It’s fashionable to simply say that awkward-looking retro cars are “ugly”, as if we all didn’t have eyes. Instead, wonder why it works or why it was produced. It’s not like products are created in a vacuum, so there must be a reason.
I think it ultimately comes down to design comfort. The sense that a viewer will be able to look at the object, see its “retro” cues, and make their own connections about whether it looks like an X, Y, or Z.
It’s been done (successfully) for years—remember the Chrysler 300C?
Who sends me photos, posts, articles, etc. with lifted smart cars in them? Everyone does!
Having owned (and loved) a smart fortwo, I have my own idea of the perfect off-road version…and it’s not this.
But did I imagine a guy named Max could transform a fortwo into an off-road campervan, complete with lift kit, roof tent, and table built into the rear hatch? No…no I did not. Hard to fault his use of traction aids as running boards and an external chassis cage to support added components. In other words, if there’s ever a smartbnb: sign me up.
I don’t care what you think, I think the WEY Yuanmeng is a modern Cord 812 sedan. Underneath, however, it has more in common with a Fisker Karma than any Volkswagen Beetle-shaped EVs, including its donor car’s shell, from the twin ORA Ballet Cat and Punk Cat—yes, those are the names!
Since we’re on names, WEY = Jack Wey, founder of Great Wall Motors. Everything from WEY is supposed to be the best the company can do—that’s a literal promise—I’d like to see a Mr. Lexus or Mr. BMW defend his brand like this:
It is not only a symbol or an antonomasia, but also a commitment made by Mr. Jack Wey, the founder of WEY brand, in his own name. That is, he will defend WEY brand with ingenuity, like guarding the highest honor and belief; and he will record the glory and the era with the dream and determination of the Chinese luxury SUV leader. (via WEY website)
All of the company’s models released to date have been named after coffee drinks, I shit you not. Anyway…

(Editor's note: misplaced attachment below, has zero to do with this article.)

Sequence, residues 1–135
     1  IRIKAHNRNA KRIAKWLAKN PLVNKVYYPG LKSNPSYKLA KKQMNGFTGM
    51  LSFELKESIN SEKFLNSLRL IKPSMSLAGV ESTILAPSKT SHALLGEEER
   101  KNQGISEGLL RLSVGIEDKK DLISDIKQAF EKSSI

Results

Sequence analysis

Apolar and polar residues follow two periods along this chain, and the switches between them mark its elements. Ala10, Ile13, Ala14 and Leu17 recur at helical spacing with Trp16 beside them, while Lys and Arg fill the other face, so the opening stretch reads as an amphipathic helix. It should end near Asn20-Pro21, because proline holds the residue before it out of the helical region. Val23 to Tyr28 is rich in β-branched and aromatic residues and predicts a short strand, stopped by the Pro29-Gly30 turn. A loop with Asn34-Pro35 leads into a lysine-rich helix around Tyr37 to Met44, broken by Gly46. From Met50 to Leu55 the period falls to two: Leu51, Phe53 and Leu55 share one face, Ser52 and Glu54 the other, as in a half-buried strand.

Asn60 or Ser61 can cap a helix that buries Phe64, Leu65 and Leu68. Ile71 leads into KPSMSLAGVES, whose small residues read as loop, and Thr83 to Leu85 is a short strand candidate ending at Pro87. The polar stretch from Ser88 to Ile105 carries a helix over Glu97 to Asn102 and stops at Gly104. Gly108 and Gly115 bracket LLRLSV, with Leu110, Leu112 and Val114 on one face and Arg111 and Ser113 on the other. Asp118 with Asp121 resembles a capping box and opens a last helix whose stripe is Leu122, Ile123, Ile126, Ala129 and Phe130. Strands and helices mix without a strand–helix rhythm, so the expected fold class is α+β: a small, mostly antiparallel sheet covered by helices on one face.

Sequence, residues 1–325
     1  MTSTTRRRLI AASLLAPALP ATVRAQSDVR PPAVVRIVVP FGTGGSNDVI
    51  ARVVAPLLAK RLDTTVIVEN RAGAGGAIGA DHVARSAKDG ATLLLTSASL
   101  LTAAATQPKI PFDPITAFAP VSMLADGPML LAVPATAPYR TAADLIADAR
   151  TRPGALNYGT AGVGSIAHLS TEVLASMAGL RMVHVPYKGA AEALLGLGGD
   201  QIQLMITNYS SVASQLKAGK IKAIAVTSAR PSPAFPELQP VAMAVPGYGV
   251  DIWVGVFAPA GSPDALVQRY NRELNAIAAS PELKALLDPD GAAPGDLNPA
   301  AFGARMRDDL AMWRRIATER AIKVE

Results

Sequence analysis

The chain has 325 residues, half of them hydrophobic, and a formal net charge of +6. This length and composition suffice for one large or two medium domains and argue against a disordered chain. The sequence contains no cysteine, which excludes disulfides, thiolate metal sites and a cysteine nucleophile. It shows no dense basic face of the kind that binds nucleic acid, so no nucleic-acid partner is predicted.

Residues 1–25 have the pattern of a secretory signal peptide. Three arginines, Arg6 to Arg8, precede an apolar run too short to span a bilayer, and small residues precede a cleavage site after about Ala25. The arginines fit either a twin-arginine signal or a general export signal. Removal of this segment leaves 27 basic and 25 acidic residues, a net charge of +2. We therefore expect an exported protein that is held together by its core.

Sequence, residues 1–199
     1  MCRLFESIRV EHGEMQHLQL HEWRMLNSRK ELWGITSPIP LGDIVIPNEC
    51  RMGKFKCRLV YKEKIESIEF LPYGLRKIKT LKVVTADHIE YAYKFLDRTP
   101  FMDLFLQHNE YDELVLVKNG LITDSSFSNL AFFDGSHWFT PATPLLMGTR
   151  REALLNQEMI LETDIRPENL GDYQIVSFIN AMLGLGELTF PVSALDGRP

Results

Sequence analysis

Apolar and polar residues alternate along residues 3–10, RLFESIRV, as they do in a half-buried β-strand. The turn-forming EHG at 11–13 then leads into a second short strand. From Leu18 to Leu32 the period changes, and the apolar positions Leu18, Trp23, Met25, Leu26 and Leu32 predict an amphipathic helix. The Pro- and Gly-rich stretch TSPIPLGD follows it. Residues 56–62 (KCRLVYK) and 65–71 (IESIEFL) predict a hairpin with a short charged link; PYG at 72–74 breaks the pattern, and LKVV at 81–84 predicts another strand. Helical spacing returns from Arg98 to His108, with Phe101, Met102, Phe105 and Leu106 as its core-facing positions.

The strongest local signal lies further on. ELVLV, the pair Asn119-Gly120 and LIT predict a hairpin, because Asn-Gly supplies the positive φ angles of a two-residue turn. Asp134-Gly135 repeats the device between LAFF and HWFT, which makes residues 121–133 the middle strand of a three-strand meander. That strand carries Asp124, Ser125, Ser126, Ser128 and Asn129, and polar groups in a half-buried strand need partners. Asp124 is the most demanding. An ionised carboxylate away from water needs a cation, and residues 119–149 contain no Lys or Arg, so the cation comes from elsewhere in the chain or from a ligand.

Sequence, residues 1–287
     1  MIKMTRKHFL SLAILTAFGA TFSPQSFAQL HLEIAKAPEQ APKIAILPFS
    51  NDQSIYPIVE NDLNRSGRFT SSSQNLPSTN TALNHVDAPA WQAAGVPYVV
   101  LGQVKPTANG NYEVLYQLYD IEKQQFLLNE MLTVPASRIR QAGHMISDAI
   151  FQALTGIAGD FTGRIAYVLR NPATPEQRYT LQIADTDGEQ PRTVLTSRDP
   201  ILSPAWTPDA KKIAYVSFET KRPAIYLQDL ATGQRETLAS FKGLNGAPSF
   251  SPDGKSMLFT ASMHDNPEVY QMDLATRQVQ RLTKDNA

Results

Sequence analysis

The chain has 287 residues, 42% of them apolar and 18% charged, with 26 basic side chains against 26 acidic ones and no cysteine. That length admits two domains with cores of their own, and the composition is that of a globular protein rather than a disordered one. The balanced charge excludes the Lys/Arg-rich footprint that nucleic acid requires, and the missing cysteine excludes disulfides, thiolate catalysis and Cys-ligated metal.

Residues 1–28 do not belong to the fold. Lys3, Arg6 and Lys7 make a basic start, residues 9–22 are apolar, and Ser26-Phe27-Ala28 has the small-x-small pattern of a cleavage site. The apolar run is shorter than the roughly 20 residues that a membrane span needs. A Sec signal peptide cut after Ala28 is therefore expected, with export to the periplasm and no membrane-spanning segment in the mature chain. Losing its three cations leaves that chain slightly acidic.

Significant money was spent on the Yuanmeng interior’s materials, layout, design, and rear-seat space. Through a computer screen, it looks absolutely fitting of its name: ‘dream come true’ in Mandarin. I found a silent walkaround video of the car from its motor show debut in 2021—little has changed since.
If you’re not a fan of the chrome, test versions wrapped the vehicle in yellow, making it look like a funny-looking taxi. Odd, maybe a little crazy, but not offensive.
Fisker Karma, you say? This cat may be available with spoked wheels, but it’s a plug-in hybrid with 195 km of pure electric range. Backed up by a 1.5-litre turbocharged gasoline engine and 9-speed automatic, WEY claims 238 horsepower and 520 Nm (383 lb-ft) of torque.
I haven’t figured out if it’s front or rear-drive, but with an all-wheel-drive and pure electric said to be “on the way”, I’d wager this is a classic front-wheel-drive luxury sedan…just like a Cord 812. The coffin nose is back, baby!
Over the last few years, JayEmm on YouTube has been building up an impressive audience for what I’d call the “classic” car review.
Naturally, having driven so many vehicles, having met so many people, and having formed his own opinions, JayEmm artfully lays out an important case: that some modernized restomods aren’t necessarily worth making in the first place.
Unless, that is, you’re Prodrive and already have pre-orders for the entire production run of 25. 🤑
For what it’s worth, I think he’s on the money here. Want to go rallying: get a rally car and go rally. Want a new Subaru with an alcantara interior to thrash on gravel roads: get a 2022 Subaru…?